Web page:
High Dividend Yield Stocks: What’s Wrong With Them


What’s the point of investing in dividend stocks if it’s not to earn high dividend yields?


The main appeal of investing in dividend stocks is definitely to build a passive source of income. Too often, low dividend yield stocks are dismissed to the profit of high yield dividend stocks. Investors are often greedy and look at short term income. Most dividend stocks are paying a dividend yield between 2% and 4%. In my own terms, stocks paying higher than 4% are called high yield dividend stocks.


Are you part of those who have fallen into this dividend trap?


We call the high yield dividend stocks a dividend trap as many investors buy these stocks for the yield but don’t look at the fundamentals. Therefore, they are receiving high dividend payouts, but the underlying value of their investment is melting down faster than a GI Joe in the microwave. Warning: it’s not because a dividend is higher than 4% than it’s automatically a dividend trap…


High Yield Dividend Stocks – There Must Be A Reason!


The calculation of the dividend yield is as follow:


dividend payout ratio


Therefore, if you have a dividend payout of $1 and a stock price of $20, your dividend yield is 5%. Starting from this point, there are two things that could lift up this dividend yield:

a)      A dividend payout increase

b)      A stock price decline

Pretty simple and basic until then, isn’t? But there is a lot more to it…


Historically, a dividend stock will pay relatively the same dividend yield. This is because each time the dividend payout increases, it is followed by a stock price increase. When you think about it, it makes total sense: the company is doing well, generating more profit, it issues a higher dividend. At the same time, investors are interested in investing in a good company with a strong dividend history. The demand on the market for this stock increases and the stock price is pushed higher. So this is why a stock like Coca-Cola (KO) which doubles its dividend payout every 6.5 years is still in the range of 2.50%. If the stocks goes up at the same pace (in KO’s case, the dividend is growing faster), you will have a stable dividend yield based on the current stock price. On the other hand, your dividend yield calculated on your cost of purchase (COP) will be much higher.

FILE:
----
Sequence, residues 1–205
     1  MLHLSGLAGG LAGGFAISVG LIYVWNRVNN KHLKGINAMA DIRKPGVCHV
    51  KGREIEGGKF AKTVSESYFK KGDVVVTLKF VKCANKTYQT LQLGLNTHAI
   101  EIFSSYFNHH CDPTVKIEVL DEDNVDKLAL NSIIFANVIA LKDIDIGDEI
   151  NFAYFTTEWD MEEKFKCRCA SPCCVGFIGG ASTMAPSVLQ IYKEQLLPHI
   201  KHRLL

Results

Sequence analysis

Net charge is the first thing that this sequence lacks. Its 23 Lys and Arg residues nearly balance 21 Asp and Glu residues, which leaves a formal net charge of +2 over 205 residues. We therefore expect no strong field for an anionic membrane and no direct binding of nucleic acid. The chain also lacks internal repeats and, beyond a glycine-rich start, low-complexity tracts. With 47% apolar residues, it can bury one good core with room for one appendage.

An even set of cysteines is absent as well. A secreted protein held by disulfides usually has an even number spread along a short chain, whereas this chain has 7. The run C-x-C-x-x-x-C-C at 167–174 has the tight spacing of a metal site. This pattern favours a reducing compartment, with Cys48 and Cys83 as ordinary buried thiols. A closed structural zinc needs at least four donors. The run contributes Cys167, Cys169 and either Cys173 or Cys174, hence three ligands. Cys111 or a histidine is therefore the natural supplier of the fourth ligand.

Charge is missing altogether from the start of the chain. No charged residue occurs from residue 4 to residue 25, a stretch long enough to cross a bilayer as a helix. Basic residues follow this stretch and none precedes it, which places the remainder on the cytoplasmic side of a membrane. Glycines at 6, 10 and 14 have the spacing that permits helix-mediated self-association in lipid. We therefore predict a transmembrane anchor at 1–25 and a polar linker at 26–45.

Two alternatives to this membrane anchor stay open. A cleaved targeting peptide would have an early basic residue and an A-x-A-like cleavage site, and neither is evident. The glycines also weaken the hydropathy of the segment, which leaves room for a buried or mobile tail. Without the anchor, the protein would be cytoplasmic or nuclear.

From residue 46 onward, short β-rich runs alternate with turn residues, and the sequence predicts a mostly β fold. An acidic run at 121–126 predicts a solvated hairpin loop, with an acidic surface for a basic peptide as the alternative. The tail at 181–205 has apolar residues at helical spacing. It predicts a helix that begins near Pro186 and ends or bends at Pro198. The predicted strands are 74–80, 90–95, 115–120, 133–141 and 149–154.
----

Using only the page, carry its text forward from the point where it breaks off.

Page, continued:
When you hit a high level of dividend yield, this is often because the stock price dropped. Starting from our example, if the stock price drops to $15 and the dividend payout is still $1, the dividend yield “artificially” increase to 6.67%. Now, the question you must ask yourself when you see that is not:


“How many shares should I buy of this amazing stock?”


But rather:


“Why is this stock is going down? Is the dividend yield sustainable?”


Don’t fall for the high dividend yield trap. There are always fundamental reasons why a stock is paying a high dividend yield. Unfortunately, this is often because the stock has dropped due to disappointing financial results.


A High Dividend Yield is Not Enough


Some investors might have the reflex of thinking: “Hey! Why not buying this stock with a 10% dividend yield, I’ll get all my money back within 10 years!”. Sure a double digit dividend yield is quite tempting. When you look at government bonds paying less than 2%, a 10% dividend yield seems like the end of the rainbow! Well it could really be the end for the company paying it!


Would you like to buy a stock that pays a 16% dividend yield for example? This is a pretty high dividend yield, right? But what if the stock chart for 8 months looks like this:

Radio Shack